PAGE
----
Adrian “Panadero” Napolitano, the douche who yesterday admitted to being the one who pepper sprayed River Plate players during last week’s Superclásico, won’t have to spend a single night in jail.

His attack – considered a felony – not only caused the suspension of the game and got Boca disqualified from the Copa Libertadores tournament, it also ruined the most exciting duel in over a decade for 45,000 fans watching it live at the stadium and million others at home.

But alas! While many of you are calling for his head on a plate, turns out that Argentina’s criminal code believes a mild reprimand is more than enough to teach him a lesson. The prosecutor in charge of the investigation, Susana Calleja, said that, legally speaking, the incident is considered to have caused “minor injuries aggravated by the fact that they took place in a sporting event”. The prosecutor has already called Napolitano for questioning.

She also ordered a raid on his home and all three bakeries owned by his  family.

Javier Raidan, Napolitano’s attorney, requested for his client not to be detained while the investigation continued. Judge Carlos Ponte granted his request and confirmed that the attacker will not go to prison, since such a felony has a 16-month maximum sentence for the accused, which means that according to the local Criminal Code he gets probation (in Argentina criminals can only serve time when they are sentenced to three years in prison or more).

His other attorney, Hernán Carluccio, provided more details in a radio interview, where he said his client had never been officially noticed that he had been summoned for questioning.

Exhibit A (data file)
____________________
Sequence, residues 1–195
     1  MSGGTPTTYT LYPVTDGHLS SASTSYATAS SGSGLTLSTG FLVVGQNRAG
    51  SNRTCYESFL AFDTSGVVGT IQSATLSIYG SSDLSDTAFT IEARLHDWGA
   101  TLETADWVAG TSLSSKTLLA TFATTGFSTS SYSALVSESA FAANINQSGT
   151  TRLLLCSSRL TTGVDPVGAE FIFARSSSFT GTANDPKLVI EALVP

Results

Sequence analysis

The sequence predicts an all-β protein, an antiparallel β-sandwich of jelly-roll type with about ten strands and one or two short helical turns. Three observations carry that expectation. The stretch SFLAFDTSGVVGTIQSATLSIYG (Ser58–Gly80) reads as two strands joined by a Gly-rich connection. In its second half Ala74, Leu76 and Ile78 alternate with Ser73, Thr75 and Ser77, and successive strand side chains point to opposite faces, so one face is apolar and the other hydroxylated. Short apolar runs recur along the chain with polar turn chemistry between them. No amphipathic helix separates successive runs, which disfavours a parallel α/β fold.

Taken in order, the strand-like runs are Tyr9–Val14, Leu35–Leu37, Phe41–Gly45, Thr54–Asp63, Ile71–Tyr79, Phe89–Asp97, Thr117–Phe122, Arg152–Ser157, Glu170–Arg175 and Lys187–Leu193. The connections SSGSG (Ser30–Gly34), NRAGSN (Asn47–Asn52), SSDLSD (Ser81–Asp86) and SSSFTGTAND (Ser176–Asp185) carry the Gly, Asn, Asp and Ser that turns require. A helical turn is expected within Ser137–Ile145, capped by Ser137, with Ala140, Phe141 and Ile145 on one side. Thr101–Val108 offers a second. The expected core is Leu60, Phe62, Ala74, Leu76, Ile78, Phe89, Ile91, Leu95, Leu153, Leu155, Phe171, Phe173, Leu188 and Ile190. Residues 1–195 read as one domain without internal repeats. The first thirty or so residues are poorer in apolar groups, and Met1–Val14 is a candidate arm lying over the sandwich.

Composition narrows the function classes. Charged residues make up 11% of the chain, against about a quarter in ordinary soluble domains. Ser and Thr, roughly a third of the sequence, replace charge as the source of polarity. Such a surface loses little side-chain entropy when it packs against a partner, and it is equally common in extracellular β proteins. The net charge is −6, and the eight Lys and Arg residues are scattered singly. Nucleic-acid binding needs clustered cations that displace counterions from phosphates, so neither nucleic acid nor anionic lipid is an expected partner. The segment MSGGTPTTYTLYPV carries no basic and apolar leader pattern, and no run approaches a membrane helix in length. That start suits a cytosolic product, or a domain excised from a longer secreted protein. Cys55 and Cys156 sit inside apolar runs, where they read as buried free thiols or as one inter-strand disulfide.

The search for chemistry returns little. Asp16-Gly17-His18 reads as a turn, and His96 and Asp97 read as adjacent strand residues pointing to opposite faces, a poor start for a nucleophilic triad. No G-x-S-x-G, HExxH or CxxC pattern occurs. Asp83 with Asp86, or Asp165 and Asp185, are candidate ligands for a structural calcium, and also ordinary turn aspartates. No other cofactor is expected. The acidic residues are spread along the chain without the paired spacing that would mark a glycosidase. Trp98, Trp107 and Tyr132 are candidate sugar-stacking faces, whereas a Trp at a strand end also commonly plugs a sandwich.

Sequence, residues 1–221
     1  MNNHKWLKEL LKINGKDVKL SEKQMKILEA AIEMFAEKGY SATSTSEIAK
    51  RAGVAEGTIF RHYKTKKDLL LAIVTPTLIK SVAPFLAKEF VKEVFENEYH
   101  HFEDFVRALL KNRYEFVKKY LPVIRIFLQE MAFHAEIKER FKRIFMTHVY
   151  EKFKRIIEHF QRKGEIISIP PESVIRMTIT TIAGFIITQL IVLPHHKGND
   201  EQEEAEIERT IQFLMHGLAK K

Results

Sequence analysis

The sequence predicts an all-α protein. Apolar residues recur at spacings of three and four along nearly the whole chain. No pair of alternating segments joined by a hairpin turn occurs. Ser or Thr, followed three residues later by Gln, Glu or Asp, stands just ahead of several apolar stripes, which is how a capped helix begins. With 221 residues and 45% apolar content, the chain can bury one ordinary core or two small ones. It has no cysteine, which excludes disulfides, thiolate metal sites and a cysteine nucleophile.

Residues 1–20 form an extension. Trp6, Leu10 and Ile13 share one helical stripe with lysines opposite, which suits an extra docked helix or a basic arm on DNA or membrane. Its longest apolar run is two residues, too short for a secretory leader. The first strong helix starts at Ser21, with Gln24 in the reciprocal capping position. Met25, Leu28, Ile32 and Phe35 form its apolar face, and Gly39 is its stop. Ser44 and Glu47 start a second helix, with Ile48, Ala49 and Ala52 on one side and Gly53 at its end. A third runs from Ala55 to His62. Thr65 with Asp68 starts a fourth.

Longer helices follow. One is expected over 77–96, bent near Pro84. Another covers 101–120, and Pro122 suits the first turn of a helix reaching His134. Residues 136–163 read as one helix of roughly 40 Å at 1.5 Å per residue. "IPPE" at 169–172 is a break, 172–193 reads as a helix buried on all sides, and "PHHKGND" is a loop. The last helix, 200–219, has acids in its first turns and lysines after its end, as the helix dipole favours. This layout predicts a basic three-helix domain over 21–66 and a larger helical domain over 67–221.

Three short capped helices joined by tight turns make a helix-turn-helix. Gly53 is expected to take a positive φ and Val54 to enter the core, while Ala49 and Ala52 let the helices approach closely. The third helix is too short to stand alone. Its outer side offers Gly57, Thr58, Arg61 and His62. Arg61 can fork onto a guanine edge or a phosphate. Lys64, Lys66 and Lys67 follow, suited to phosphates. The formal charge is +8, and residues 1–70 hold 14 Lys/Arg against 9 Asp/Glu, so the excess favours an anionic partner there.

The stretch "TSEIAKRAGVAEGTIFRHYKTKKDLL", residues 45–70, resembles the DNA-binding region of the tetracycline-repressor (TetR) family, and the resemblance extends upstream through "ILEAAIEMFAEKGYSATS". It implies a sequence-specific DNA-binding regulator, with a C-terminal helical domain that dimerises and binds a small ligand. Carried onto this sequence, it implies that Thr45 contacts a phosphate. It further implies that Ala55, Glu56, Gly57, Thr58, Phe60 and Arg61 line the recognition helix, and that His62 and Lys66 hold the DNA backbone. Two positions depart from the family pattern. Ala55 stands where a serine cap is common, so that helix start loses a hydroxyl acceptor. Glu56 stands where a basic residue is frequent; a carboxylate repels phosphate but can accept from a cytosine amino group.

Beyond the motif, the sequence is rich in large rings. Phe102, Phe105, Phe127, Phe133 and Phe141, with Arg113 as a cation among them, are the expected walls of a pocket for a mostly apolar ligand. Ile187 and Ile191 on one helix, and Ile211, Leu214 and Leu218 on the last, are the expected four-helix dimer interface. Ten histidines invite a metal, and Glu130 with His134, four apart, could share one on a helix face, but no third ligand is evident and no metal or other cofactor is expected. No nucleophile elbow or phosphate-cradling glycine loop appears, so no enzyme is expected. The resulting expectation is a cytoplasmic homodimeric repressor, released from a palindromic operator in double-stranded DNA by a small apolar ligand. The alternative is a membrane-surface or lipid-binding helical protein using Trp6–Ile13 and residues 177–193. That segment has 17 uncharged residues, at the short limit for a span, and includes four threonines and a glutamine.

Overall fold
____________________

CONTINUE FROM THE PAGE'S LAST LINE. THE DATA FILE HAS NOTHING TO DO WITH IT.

“He’s in the country and he’s reachable,” he said. “This is an incident that creates a world of speculation and consequences, but criminally speaking this is a really small case. The Criminal Code stipulates a minor punishment for it and admits probation” he added.

While Napolitano may be off the hook and be able to escape jail time, his problems are far from being over.

This morning, only hours after admitting his responsibility in the attack, a group of people showed up to one of the bakeries owned by his family and spray painted it with the word “salame“, which I must admit is kind of disappointing since it means “fool”. Not the kind of intimidating message you would expect from a bunch of menacing hooligans. “Fool”? What is this, a Disney movie?


“They came in the morning looking for him,” a man who lives near the bakery said. “There were eleven guys ready to beat the shit out of him. Big guys. They told me they were upset because ‘everyone lost because of him'”.

Yesterday, during his confession, Napolitano said: “I have a family… I’m scared”. He wasn’t kidding.